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Canadian Journal of Infectious Diseases and Medical Microbiology
Volume 17, Issue 1, Pages 15-18

Ethical and Scientific Issues Surrounding Solid Organ Transplantation in Hiv-Positive Patients: Absence of Evidence Is Not Evidence of Absence

Timothy Christie,1,2,3 Bashir Jiwani,4,5 Getnet Asrat,1,2,3 Valentina Montessori,1,2,3 Richard Mathias,2 and Julio Montaner1,2,3

1British Columbia Centre for Excellence in HIV/AIDS, Canada
2University of British Columbia, Canada
3Providence Health Care, Vancouver, British Columbia, Canada
4University of Alberta, Edmonton, Alberta, Canada
5Fraser Health Authority, Surrey, British Columbia, Canada

Received 10 November 2005; Accepted 10 November 2005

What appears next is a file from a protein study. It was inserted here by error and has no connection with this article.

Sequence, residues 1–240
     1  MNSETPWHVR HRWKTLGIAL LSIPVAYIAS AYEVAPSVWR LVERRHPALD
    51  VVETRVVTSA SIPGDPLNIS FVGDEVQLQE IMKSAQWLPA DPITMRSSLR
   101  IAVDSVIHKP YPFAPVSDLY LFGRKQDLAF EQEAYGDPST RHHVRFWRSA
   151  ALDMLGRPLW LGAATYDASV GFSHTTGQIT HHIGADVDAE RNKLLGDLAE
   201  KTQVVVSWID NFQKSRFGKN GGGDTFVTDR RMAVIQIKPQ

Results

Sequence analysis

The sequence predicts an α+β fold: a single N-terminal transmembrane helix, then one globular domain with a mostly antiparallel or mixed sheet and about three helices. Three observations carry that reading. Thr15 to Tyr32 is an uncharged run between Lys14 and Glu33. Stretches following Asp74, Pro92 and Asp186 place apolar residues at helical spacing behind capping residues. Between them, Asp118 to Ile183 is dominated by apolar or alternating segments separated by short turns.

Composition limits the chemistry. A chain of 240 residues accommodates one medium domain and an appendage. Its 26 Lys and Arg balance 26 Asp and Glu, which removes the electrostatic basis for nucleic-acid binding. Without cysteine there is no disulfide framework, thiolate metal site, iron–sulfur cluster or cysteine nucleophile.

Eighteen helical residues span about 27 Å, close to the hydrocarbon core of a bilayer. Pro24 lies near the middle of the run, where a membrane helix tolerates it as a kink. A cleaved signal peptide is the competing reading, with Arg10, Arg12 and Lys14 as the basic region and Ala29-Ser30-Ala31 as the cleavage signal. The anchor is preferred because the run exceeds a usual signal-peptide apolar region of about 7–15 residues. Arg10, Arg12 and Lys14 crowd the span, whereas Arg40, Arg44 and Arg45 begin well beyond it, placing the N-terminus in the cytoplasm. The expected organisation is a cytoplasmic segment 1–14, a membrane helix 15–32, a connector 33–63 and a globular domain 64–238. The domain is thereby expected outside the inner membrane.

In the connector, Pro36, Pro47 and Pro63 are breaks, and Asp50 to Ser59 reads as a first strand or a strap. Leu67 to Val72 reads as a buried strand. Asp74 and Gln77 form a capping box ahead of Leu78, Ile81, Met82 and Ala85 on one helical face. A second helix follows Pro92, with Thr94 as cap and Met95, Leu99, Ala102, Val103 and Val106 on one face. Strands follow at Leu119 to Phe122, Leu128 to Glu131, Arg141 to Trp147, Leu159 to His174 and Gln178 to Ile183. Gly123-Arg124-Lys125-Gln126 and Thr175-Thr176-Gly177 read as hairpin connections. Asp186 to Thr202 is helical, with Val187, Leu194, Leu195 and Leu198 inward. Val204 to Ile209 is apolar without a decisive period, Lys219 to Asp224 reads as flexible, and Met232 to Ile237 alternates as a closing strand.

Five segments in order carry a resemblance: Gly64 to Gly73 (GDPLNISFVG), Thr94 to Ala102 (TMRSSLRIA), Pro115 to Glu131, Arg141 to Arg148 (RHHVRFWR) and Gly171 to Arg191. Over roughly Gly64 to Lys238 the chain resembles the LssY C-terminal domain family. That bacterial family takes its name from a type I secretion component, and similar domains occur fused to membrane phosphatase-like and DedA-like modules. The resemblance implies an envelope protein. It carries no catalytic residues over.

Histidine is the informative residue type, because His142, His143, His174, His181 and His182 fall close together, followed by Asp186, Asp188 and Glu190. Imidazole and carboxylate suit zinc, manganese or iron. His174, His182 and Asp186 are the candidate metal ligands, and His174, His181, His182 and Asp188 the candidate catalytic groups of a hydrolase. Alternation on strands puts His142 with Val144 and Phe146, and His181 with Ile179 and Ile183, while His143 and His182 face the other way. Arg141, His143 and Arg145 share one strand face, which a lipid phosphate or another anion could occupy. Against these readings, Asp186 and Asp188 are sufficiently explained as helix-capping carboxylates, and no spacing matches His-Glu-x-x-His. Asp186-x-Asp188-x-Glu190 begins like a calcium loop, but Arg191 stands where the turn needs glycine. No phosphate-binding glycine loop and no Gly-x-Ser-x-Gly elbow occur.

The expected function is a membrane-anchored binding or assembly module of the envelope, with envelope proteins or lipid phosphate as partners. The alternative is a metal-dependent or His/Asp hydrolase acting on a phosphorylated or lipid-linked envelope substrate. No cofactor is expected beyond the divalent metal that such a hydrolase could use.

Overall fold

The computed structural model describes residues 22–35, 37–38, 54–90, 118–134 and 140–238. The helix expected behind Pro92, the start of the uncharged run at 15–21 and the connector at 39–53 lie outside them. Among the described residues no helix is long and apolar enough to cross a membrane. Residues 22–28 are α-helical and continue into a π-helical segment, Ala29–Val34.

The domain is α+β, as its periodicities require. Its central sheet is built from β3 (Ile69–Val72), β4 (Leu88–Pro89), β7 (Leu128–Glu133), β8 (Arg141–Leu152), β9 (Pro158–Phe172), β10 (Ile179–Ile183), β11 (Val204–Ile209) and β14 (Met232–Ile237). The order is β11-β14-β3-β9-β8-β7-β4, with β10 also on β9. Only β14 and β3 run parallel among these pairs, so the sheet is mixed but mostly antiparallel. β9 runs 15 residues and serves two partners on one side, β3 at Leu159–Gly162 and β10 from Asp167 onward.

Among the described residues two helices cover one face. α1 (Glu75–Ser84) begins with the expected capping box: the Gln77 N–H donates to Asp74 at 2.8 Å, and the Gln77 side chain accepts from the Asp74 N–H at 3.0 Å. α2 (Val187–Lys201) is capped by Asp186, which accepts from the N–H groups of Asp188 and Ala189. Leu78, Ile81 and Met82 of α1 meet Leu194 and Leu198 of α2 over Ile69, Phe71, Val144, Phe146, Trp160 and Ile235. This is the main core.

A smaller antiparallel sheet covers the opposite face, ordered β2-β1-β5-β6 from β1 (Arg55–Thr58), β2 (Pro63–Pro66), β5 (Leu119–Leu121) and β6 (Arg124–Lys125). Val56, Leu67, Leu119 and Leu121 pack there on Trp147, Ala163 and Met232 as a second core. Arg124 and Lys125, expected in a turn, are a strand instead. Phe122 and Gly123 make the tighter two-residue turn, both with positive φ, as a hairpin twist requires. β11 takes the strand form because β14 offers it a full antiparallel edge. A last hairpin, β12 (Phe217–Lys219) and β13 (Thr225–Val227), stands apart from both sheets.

Copyright © 2006 Hindawi Publishing Corporation. This is an open access article distributed under the Creative Commons Attribution License, which permits unrestricted use, distribution, and reproduction in any medium, provided the original work is properly cited.


End-stage liver disease is emerging as a leading cause of death among HIV-positive patients. Historically, an HIV diagnosis was a contraindication for a liver transplant; however, because of the efficacy of highly active antiretroviral therapy (HAART), HIV-positive patients have one-year, two-year, and three-year post-transplantation survival rates similar to that of HIV-negative patients. Based on this evidence, HIV-positive patients are now considered eligible for transplantation. However, newly emerging guidelines include the stipulation that HIV-positive patients must be on HAART to be placed on a waiting list for transplantation. The purpose of the present paper is to evaluate the scientific and ethical probity of requiring HIV-positive patients to be on HAART as a condition for being on a liver transplant waiting list. It is argued that the emphasis should be placed on the probability of post-transplantation HAART tolerance, and that concerns about pretransplantation HAART tolerance are of secondary importance.